2. Put Away As Much As You Can Afford
It’s tempting to want to live the good life while you’re young. Everyone wants a big house, a nice car, and good food. But living too extravagantly while you’re young detracts from your ability to save, taking money away from your older self. It’s far better to save more now so that you can enjoy life once you’re no longer earning a salary.
Even little purchases can add up over time. Ask yourself if you really need that $5 coffee every morning. At a 6% annual rate of return, that coffee is costing you $50 from your retirement funds; at 8% it’s costing you over $100; at 10% it’s over $200. Buy that coffee every day and you could cost yourself dearly in retirement.
3. If You Have A 401(k), Max It Out
Far too many people fail to take advantage of their employer-sponsored retirement plans. If your employer offers a 401(k), and especially if they offer matching contributions, try to max out your contributions. Matching contributions are free money. Even if stock markets decline, you’ve still come out ahead. And once you’ve vested, that money is yours to take with you if you ever change jobs or want to roll over those funds into another retirement account. If you put $200 a month into a 401(k) and your employer matches, you’re up to nearly $5,000 a year. And because that money comes out of pre-tax dollars before you see your paycheck, you’ll never even realize it’s missing, even though you’re building up a nice little nest egg.
4. Diversify Your Portfolio
Don’t put all your eggs in one basket. Stocks, bonds, and mutual funds all have their place in an investment portfolio, but at the end of the day they are all dependent on the health of Wall Street. If financial markets crash, so will your retirement portfolio. Alternative investment assets such as real estate, commodities, precious metals, etc. can provide some much-needed diversity to your retirement account. You obviously want to do your due diligence and evaluate all the risks before investing in those areas, but a little bit of diversification can help ensure that your portfolio isn’t completely exposed to the booms and busts of stock markets.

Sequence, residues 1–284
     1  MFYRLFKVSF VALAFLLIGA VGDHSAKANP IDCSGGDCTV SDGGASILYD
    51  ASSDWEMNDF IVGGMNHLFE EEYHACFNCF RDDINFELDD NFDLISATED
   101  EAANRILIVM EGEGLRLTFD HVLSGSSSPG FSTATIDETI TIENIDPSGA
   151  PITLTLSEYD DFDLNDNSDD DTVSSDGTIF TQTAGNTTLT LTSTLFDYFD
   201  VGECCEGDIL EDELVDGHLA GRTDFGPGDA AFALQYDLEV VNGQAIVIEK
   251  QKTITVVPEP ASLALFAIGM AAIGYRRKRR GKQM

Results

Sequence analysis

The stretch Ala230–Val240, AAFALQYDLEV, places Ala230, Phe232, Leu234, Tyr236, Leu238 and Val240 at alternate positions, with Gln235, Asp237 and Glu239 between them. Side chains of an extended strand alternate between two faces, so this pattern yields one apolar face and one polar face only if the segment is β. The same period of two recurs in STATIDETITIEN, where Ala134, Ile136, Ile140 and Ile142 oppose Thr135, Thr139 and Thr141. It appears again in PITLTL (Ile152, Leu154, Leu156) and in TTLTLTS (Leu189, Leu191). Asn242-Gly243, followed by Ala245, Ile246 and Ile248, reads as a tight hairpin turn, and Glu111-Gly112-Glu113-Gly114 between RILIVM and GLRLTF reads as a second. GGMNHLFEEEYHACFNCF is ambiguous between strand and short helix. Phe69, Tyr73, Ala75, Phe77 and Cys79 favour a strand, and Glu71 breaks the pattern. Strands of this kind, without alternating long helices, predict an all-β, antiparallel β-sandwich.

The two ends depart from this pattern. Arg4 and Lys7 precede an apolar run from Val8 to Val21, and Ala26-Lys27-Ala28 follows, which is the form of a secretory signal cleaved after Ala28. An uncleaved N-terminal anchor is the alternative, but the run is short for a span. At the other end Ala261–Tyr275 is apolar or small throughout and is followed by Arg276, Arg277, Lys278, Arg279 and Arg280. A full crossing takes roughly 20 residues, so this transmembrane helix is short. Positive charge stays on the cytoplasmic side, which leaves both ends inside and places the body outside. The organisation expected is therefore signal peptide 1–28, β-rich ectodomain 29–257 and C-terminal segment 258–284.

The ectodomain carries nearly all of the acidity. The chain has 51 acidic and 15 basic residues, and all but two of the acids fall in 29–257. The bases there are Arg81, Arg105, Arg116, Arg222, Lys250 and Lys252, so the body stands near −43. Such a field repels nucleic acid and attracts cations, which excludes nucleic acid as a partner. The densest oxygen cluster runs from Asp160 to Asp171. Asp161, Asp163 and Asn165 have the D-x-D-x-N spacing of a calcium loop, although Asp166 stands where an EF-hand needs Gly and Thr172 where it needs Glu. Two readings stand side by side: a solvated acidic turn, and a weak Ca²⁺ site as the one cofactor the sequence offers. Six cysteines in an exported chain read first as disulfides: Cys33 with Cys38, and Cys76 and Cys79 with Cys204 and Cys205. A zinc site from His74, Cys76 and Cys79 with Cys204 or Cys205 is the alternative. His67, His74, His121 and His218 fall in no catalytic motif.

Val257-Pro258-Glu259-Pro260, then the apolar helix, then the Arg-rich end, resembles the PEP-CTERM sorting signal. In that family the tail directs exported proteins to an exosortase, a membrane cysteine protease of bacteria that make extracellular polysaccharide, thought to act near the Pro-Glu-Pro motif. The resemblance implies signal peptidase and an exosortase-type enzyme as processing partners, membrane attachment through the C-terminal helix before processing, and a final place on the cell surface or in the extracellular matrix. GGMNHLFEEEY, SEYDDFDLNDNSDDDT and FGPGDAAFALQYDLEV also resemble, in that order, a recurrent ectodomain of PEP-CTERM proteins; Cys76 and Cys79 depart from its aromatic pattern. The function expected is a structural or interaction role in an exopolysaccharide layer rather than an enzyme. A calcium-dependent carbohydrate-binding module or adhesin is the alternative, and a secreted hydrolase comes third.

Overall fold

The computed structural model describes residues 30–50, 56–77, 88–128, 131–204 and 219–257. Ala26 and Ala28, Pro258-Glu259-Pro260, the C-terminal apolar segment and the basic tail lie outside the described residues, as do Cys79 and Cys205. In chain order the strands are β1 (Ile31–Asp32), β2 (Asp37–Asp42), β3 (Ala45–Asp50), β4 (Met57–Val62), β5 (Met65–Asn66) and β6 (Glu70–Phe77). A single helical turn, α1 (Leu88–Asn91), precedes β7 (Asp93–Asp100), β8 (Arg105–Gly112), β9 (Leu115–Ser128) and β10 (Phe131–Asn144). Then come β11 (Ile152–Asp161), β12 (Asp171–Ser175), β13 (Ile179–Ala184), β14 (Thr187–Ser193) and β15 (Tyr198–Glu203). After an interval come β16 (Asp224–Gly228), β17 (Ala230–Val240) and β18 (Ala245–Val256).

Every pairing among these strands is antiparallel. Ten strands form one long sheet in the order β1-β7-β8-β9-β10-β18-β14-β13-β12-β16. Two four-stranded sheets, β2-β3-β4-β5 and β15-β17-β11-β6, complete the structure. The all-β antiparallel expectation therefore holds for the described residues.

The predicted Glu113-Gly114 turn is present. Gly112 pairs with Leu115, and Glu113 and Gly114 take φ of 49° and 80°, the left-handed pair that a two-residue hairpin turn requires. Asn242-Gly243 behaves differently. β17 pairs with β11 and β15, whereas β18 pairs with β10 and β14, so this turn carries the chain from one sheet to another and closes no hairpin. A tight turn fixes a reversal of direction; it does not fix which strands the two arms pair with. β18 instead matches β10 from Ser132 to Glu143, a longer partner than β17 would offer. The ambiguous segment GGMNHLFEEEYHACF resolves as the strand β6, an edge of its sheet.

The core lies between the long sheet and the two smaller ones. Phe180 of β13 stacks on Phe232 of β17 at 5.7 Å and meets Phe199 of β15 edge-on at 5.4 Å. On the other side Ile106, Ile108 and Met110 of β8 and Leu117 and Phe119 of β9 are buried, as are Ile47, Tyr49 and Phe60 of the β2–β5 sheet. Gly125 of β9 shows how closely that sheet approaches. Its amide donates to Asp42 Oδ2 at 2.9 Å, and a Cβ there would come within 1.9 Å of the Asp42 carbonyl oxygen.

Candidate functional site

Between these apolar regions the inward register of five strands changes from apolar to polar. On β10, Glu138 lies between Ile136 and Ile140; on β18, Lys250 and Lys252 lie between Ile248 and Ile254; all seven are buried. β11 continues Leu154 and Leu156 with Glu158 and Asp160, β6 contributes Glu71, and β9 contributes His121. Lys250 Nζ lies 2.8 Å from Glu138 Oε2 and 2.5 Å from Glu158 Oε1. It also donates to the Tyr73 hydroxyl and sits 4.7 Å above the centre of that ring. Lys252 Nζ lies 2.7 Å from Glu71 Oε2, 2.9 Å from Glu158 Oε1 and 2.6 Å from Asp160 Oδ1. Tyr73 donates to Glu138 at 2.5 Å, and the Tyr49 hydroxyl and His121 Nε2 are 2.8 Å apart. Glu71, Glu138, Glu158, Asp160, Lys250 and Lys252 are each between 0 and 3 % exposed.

5. Invest In Precious Metals
One of the easiest ways to diversify a portfolio and protect your retirement savings is through investing in precious metals like gold and silver. They’re not complicated investments and anyone can follow their prices online or in the newspaper. Gold and silver have served as stores of wealth for millions of investors over the centuries, and will continue to do so well into the future.
Many financial writers like to downplay gold as an investment, not realizing that it’s had an annualized return of about 7.6% since President Nixon closed the gold window in 1971. If you had invested $10,000 in gold in 1971 (equivalent to about $50,000 in current dollars) and not touched it at all until today, it would be worth nearly $300,000. That’s not a bad return on investment.
Obviously you don’t want to invest your entire portfolio in gold because that defeats the purpose of diversification, but investing a decent chunk of your retirement savings can provide a good hedge against inflation and protect your savings from losing value in the event of a market crash.
With a gold IRA, investing in gold is easier than ever. You can benefit from owning gold and silver while still receiving the same tax advantages that conventional IRAs enjoy. But as with any investing, time is of the essence. The earlier you start investing, the better off you will be in the future. Don’t wait any longer than you have to in order to secure your retirement.